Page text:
The Turbo Problem

  • September 7, 2023

You may have noticed that many new vehicles – most of them, actually – come standard with a turbocharged engine. It used to be generally true that only high-performance cars came with turbocharged engines.

There was a reason for that.

And it’s reasonable to be leery about why that reason has changed.

Turbos used to be used to make an engine a high-performance engine; often, the engine was already a performance engine. The classic example is the Porsche 911’s six cylinder “boxer” engine. It was already powerful – without the turbo. Adding the turbo made it even more powerful.

A turbo does this by using exhaust gas pressure (which spins a compressor) to pressurize the incoming air charge; instead of sucking it in – this is what naturally aspirated engines do – it is forced in. The additional air (and fuel) makes for a more powerful power stroke within the engine when the mixture is lit by the spark plug.

The end result is more power.

But also more pressure – on everything inside the engine. A more forceful explosion applies more force to the pistons and rings and then to the crankshaft and bearings – and so on. If the engine is small, it will typically have smaller surfaces to absorb all of this pressure, which concentrates the pressure.

The result – almost inevitably – is a shorter-lived engine.

Porsche 911 Turbos are fantastic cars but they are not generally cars that run reliably for 150,000-plus miles. That’s the price you pay for driving a 911 Turbo. It’s kind of like the price paid by body builders who take steroids.

They get pumped – but it doesn’t last.

So why do so many family cars – even economy cars – all of a sudden have turbocharged engines? The answer is straightforward: They don’t have enough engine. The turbo is there to make up for that. And you get to pay for it – in the form of a higher buy-in price and an increased likelihood of a shorter-lived engine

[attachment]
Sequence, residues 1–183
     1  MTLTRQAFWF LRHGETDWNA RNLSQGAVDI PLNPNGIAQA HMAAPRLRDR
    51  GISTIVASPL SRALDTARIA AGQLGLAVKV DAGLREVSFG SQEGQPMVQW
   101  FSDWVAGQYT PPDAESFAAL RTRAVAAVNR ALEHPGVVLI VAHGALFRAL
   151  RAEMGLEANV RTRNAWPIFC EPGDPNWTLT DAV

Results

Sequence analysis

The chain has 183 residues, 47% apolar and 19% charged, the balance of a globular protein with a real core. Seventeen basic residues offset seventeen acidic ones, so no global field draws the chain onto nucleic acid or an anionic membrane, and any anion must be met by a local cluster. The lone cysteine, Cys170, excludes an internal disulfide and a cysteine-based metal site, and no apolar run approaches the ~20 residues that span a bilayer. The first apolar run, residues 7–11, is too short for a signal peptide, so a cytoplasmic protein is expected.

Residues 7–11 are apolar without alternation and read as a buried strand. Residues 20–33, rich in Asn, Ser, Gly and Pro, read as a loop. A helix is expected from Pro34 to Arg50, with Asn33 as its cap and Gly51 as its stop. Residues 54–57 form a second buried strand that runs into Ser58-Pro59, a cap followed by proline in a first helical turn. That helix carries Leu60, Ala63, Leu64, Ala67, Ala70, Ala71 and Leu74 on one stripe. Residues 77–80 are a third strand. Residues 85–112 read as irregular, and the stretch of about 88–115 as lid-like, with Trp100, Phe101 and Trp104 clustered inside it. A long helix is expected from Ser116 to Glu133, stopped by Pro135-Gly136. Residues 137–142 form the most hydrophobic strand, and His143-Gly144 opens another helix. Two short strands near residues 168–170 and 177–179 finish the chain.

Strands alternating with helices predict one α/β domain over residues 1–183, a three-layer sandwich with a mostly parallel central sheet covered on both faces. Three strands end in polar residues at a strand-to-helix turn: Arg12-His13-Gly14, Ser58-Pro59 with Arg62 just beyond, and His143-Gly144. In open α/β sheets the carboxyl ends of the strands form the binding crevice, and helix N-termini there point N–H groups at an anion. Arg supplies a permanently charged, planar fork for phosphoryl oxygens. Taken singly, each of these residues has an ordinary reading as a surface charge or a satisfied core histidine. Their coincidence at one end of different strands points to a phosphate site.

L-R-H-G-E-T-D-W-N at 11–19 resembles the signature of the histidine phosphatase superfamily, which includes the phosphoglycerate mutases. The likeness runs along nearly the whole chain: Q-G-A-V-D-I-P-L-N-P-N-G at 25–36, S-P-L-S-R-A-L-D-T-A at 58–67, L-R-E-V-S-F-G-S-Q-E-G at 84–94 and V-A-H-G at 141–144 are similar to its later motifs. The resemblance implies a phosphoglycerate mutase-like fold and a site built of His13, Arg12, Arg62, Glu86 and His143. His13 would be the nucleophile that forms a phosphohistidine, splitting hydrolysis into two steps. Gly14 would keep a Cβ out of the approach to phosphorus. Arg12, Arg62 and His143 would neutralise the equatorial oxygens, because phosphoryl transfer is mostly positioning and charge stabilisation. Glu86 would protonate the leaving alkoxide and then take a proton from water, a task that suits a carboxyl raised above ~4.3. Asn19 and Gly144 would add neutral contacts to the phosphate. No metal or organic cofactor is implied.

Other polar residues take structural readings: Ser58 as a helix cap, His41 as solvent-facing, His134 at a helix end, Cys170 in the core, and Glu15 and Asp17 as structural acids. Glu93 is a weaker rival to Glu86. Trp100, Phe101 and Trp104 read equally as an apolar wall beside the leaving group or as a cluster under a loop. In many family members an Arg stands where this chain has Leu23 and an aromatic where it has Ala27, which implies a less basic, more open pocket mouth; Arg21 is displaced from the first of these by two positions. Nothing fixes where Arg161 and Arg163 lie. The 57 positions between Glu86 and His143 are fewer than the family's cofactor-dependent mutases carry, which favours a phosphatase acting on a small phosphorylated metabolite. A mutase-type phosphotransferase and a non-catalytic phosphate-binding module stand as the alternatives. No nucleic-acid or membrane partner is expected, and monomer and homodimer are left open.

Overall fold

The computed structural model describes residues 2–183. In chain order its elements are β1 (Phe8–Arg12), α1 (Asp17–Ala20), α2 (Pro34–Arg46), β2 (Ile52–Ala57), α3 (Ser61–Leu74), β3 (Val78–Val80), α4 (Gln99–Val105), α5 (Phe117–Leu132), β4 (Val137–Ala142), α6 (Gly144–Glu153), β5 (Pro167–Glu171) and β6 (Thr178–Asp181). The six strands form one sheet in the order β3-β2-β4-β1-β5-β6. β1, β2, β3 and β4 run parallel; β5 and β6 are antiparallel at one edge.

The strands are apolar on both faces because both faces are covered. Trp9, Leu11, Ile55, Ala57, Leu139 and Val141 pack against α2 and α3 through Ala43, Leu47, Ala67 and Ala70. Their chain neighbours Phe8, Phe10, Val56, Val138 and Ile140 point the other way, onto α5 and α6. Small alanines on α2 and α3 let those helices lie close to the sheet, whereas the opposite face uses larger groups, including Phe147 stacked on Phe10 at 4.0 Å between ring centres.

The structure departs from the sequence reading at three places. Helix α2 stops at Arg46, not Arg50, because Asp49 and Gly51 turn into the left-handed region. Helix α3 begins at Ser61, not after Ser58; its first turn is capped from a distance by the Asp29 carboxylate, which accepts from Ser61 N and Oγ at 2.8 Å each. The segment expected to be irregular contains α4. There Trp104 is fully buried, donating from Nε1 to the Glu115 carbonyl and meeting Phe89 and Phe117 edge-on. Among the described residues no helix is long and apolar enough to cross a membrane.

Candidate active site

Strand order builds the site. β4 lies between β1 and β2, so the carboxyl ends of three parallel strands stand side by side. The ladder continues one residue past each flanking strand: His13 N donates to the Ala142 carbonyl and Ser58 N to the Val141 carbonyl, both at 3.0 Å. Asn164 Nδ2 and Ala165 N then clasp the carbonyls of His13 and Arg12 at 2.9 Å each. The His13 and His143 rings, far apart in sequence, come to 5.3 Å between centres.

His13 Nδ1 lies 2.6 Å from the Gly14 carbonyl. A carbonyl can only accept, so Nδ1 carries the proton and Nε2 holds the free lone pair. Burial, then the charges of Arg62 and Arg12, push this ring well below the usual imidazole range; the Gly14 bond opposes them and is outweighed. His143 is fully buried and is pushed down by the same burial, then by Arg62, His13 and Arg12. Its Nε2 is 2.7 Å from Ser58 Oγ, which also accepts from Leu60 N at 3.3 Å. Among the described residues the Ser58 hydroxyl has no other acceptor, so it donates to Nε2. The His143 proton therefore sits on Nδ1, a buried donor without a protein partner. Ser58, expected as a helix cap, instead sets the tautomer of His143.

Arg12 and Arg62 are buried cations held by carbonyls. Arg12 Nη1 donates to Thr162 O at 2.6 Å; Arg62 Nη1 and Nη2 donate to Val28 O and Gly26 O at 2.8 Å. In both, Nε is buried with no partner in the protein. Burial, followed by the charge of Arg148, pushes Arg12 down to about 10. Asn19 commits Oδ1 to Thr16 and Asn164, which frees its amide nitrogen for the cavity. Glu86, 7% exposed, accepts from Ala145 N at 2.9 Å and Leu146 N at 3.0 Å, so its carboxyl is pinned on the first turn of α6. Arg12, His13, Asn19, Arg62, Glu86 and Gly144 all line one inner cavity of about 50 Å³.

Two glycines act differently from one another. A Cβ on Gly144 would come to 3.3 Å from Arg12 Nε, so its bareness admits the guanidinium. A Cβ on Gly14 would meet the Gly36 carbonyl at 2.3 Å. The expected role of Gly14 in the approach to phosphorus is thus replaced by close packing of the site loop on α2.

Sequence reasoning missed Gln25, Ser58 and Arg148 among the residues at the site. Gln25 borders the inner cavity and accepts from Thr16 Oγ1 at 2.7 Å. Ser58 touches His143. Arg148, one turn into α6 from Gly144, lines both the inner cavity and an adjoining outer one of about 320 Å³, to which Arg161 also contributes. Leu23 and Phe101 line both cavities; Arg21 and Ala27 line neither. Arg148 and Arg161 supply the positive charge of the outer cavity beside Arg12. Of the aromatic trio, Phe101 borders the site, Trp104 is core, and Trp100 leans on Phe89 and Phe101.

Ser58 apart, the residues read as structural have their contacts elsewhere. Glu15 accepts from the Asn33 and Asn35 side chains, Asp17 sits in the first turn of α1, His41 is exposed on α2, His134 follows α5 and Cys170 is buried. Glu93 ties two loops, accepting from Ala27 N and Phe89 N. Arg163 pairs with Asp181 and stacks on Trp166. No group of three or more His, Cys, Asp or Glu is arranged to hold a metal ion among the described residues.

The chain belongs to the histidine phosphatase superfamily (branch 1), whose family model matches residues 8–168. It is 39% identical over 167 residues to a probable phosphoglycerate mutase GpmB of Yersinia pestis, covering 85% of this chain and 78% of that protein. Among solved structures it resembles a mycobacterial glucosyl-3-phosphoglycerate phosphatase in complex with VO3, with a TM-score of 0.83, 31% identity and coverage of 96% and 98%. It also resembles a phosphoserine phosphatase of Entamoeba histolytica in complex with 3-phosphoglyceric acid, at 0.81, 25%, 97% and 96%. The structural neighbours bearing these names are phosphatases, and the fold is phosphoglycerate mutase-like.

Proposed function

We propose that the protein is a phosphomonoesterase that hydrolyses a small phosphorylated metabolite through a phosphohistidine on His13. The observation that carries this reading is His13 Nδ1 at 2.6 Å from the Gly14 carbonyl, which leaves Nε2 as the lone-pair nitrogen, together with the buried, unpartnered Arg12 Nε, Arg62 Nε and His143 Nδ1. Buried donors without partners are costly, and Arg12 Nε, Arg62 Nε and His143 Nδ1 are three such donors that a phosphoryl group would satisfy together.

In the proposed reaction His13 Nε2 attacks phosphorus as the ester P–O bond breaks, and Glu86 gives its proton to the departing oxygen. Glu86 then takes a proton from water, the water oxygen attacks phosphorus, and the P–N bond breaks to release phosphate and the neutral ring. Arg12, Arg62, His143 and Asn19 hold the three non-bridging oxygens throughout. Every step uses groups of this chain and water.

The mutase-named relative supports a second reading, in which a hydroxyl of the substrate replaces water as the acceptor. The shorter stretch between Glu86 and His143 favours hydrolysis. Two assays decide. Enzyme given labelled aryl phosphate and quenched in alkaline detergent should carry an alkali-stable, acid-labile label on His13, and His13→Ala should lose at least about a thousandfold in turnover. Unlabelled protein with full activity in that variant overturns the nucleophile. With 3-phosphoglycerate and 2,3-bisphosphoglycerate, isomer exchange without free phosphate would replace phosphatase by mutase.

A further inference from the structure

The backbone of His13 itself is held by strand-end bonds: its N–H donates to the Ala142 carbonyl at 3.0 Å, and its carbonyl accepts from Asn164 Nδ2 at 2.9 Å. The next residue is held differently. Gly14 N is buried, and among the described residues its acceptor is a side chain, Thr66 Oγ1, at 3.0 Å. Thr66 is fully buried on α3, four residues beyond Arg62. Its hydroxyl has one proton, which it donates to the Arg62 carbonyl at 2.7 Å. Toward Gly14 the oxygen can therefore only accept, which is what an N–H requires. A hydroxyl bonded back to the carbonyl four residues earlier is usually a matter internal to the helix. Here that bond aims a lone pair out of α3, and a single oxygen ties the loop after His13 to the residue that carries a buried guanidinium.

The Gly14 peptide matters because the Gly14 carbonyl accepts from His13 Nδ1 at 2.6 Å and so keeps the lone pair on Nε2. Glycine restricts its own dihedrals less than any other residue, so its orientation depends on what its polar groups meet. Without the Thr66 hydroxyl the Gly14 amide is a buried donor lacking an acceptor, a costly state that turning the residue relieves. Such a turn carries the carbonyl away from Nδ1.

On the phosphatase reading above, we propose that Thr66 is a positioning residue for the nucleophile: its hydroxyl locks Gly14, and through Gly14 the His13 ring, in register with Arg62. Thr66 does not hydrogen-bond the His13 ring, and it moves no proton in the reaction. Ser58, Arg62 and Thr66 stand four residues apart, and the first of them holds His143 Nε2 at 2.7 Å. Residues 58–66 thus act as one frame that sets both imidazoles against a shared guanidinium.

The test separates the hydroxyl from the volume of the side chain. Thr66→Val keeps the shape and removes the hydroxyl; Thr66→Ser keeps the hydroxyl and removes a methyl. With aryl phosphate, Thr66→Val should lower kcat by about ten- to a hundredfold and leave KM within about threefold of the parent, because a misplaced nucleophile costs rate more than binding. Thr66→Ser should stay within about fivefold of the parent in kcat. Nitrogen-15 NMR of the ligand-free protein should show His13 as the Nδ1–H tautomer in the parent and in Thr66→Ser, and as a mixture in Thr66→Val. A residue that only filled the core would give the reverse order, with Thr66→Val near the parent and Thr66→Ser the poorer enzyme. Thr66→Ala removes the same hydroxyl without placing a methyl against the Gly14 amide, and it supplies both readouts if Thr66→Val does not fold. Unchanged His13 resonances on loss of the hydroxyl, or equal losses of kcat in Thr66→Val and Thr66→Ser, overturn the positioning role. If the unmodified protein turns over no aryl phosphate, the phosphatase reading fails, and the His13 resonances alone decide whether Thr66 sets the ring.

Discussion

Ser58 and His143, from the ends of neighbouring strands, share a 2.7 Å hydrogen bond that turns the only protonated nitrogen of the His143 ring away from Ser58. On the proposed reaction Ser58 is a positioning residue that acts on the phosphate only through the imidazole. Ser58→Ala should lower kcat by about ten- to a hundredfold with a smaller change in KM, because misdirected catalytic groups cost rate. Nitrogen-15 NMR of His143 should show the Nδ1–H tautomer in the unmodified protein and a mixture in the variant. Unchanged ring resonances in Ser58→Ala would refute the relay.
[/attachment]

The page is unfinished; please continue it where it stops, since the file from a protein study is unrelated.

You can thank the government for it.

As an example – one of many – this week I am test driving a new Mercedes-Benz GLC 300, which is a crossover SUV that weighs 4,167 pounds. If it were 2013 rather than 2023, a vehicle this heavy would have come standard with a V6 engine around 3.5 liters in size. In fact, that is exactly what came standard in the 2013 Mercedes ML350, which was very similar to the current GLC. It was a little larger – and a little heavier – but the point is it came standard with a 3.5 liter V6 that didn’t need a turbo to move its more-than-two-tons of steel, glass and plastic.

The ’23 GLC 300 does – because all it’s got to move its two-tons-plus of steel, glass and plastic is a 2.0 liter four cylinder engine, which isn’t enough engine to move that kind of weight, without an assist.

Enter the turbo. It applies pressure when the driver imparts pressure – to the  accelerator. Without the pressure – from the turbo – there would be little in the way of acceleration coming from just 2.0 liters of engine, all by itself. The turbo makes up for what’s not there anymore.

Bu why is it not there?

Especially here – in a Mercedes?

2013 ML350

The ’23 GLC 300’s 2.0 liter four makes less power (255 hp) even with the assist than the old ML 350’s V6 (302 hp). It touts higher gas mileage: 23 city, 31 highway vs. 18 city, 23 highway for the old ML.

But do people who buy $50k Mercedes-Benzes care about that difference? Probably not many. But Mercedes has to care about it – because Mercedes has to deal with the government.

The otherwise insufficient 2.0 liter four that comes in the GLC300 is turbocharged to make the power people who spend $50k-plus on a Mercedes expect. But the underlying reason the 2.0 liter four is there is because a smaller engine scores higher on government fuel economy and lower on on government “emissions” tests. The latter in air-fingers-quote marks to mock the use of the term to describe non-reactive gasses that don’t pollute (carbon dioxide) as “emissions.” Which is kind of like using the word “vaccine” to describe a drug that doesn’t immunize.

Without the turbo, 2.0 liters would be a hard sell – in a $50k car.

Or even a $30k family car, such as a car like the Honda Accord – which also used to come with a V6 for that money. It now comes standard with – wait for it! – a 2.0 liter turbocharged four. So do many others. Some come with even less, as for example the 2024 Buick Envista I reviewed about a week ago. It only has 1.2 liters (and just three cylinders) to move about 3,200 lbs.

It wouldn’t move – without a turbo.

Without the boost.

But that comes with pressure – and that comes at a cost. It’s one almost everyone who buys a new vehicle will pay because adding a turbo and the peripherals (these include a specialized exhaust system and a higher-capacity cooling system to defray the additional heat produced by the turbo) costs money. And it is much more likely buyers will pay again, down the road – when the pressure results in a failure.

You could try sending the government the bill.

. . .

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